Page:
Focus Is About The People You Serve

Ask an climate tech engineer or scientist what the focus of their start up company is, and you’re likely to hear a statement beginning with the words, “we make…”. That shouldn’t be surprising because scientists and engineers invent things.

Ask a CFO what the focus of the company is, and you’re likely to hear the company’s vision and goals, and strategy for generating a specific amount of revenue or even the eventual sale price plus EBIDTA.

The problem with both of these definitions is they spotlight the speaker instead of the audience.

Instead, the focus should be about the people you serve and how it will impact their lives.

When I start working with a new client, I take a page from Jim Collins and ask The Five Whys. By asking “Why is that important?” repeatedly, it forces my clients to change their perspective from looking at themselves in a mirror to looking through a two-way mirror at their audience. Let me use the biomaterials industry as an example.

Me:  What’s Your Focus?

Client: We take (insert waste stream) and turn it into a (name your product)

Me: Why Is That Important?

Client:  Because we are taking something that would end up in a landfill and repurpose it into something useful.

Me:  Why Is That Important?

Client:  Because eventually, we are going to run out of (name of the commodity) if we keep on the same path, and our landfills will overflow and cause damage to the environment.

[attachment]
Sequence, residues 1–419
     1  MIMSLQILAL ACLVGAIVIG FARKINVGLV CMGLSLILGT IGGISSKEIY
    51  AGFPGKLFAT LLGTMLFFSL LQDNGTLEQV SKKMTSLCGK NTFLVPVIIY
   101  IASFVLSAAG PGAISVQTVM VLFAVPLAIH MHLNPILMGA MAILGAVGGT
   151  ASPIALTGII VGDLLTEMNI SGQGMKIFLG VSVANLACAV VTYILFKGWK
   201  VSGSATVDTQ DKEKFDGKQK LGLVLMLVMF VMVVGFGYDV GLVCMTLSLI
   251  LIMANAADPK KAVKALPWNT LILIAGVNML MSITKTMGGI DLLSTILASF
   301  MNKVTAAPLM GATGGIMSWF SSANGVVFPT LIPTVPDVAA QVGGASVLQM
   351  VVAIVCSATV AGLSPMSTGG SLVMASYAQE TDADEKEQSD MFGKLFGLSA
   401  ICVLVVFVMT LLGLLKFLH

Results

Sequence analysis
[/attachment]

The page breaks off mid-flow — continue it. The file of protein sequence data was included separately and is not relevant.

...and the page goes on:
Me:  Why Is That Important?

Client: Running out of (name of the commodity) would be catastrophic to the economy, and we can’t keep dumping waste in our oceans.

Me: Why Is That Important?

Client:  (Running out of patience with me) Because people need an alternative to (name of the commodity) that isn’t sustainable and polluting our environment.

Me:  Why Is That Important?

Client: Because we have a moral obligation to leave a habitable planet for future generations, which requires us to stop using up all of the (name of the commodity) and fouling our land, air, and water.


After five whys, they have turned their perspective 180 degrees. Now they can see their work through the eyes of their audience. They are framing their mission and vision from “something we sell” to “something that will give our customers a better chance to live a more sustainable life. The company is contributing to its customer’s success.

Many in the branding world would use the term “mission” to describe what I’ve helped my client distill, but I prefer using the word “focus” because it’s a hybrid of the mission and the vision.

If your company is pitching investors, the mission is the unmet need for the customer or user who will eventually pay you. If your company is post-revenue, you can talk in the present tense about how you are meeting that need to build your customer/user base. If your clients are institutions, the unmet need might not be directly theirs, but rather their customers who in turn will want to pay the institution for their unmet need.

What you make or build should never be about you. It’s about meeting the needs of a customer who buys or invests in your product because it aligns with their own personal/institutional story.

Everyone doesn’t need your widget, nor does everyone want your widget. But by finding your focus, you will simultaneously winnow down your audience and discover if you have a business model outside of a laboratory.

CleanTech Focus